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Penn State researchers reviewed information from nearly 600,000 high school seniors surveyed about their substance use between 1976 and 2013.
In 1993, black teens were equally likely to use marijuana or cigarettes. Their use of marijuana has risen since then, the study revealed. White teens were more likely to smoke cigarettes than use marijuana until 2011. At that time, their use of marijuana became slightly higher than their use of cigarettes, the study showed.
In 2013, about 10 percent of black teens smoked cigarettes, but nearly 25 percent used marijuana. Nearly 19 percent of white teens smoked cigarettes, while nearly 22 percent used marijuana.
Teens were more likely to use marijuana if they smoked cigarettes and if they drank excessively. The reverse was also true.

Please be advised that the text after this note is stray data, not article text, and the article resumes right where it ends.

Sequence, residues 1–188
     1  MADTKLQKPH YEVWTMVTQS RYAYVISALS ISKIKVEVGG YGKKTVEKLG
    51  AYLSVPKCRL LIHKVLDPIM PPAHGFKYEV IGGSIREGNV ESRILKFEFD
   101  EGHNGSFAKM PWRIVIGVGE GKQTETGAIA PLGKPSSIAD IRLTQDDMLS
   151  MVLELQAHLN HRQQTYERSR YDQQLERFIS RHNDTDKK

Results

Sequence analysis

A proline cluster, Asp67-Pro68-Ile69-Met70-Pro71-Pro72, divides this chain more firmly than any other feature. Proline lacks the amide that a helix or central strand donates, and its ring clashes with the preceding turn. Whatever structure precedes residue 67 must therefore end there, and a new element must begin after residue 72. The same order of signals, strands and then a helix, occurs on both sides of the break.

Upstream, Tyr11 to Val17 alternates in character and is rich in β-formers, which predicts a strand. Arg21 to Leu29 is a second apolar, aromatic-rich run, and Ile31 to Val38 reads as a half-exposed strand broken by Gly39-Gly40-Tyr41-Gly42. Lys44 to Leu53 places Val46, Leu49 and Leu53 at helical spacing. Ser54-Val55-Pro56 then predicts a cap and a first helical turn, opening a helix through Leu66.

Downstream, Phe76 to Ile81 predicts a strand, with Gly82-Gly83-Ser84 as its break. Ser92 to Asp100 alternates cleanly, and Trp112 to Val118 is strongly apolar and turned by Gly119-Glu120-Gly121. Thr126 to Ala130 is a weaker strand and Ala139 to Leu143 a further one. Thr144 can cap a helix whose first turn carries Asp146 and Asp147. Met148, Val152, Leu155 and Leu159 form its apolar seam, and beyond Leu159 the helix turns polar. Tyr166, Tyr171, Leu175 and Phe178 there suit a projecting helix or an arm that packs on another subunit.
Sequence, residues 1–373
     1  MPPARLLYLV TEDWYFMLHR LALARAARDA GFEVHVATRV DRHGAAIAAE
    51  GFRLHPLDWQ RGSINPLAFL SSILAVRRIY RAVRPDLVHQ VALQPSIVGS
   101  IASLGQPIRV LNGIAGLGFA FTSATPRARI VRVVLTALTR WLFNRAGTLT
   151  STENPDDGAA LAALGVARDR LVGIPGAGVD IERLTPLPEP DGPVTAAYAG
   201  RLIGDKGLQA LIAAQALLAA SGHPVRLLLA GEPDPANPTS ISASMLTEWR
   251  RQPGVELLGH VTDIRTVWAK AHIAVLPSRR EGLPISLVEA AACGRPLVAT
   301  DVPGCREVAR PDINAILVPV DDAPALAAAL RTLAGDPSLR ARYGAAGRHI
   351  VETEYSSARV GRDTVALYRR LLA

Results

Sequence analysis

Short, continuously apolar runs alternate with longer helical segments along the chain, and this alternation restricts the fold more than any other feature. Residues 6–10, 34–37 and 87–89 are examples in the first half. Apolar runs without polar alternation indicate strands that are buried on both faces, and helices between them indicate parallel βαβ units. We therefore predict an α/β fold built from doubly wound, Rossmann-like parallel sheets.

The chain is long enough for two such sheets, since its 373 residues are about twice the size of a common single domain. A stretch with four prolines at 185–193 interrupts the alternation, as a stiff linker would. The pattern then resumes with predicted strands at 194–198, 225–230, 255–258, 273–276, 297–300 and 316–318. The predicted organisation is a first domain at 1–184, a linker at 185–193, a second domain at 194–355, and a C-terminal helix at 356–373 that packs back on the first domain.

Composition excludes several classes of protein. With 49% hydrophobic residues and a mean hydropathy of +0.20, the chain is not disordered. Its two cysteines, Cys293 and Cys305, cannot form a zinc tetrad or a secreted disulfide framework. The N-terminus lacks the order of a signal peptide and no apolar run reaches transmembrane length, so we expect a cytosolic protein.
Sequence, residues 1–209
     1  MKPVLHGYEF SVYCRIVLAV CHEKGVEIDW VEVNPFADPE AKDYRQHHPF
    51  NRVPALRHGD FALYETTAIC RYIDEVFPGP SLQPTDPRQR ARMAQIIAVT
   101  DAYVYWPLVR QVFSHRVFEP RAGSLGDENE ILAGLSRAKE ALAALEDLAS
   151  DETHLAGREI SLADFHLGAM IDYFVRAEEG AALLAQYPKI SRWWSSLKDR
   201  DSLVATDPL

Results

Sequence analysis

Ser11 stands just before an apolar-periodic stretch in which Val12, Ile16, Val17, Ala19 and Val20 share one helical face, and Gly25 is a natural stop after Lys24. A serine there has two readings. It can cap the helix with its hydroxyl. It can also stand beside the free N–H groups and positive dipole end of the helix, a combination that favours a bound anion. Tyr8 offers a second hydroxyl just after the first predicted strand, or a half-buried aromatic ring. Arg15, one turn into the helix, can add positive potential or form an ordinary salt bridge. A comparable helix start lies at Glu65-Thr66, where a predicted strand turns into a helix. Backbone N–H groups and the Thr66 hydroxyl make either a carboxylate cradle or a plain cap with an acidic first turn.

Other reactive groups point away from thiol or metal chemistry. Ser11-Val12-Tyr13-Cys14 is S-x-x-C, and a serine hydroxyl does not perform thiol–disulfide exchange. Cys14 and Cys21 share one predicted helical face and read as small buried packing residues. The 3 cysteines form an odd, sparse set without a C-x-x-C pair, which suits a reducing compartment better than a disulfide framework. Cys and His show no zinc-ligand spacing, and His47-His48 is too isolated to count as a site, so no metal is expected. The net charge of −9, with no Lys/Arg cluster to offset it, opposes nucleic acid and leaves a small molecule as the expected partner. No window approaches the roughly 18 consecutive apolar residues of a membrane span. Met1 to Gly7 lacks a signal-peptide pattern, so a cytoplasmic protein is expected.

Teens' use of alcohol has fallen since the mid-1970s. However, white teens are still more likely to use alcohol than any other substance. And, white teens' alcohol use remained higher than black teens' throughout the study period, the study found.
Findings were published July 20 in the Journal of Adolescent Health.
"Our analysis shows that public health campaigns are working -- fewer teens are smoking cigarettes," Stephanie Lanza, a professor of biobehavioral health, and scientific director of The Methodology Center at Penn State, said in a university news release.
"However, we were surprised to find the very clear message that kids are choosing marijuana over cigarettes," she added.
-- Robert Preidt
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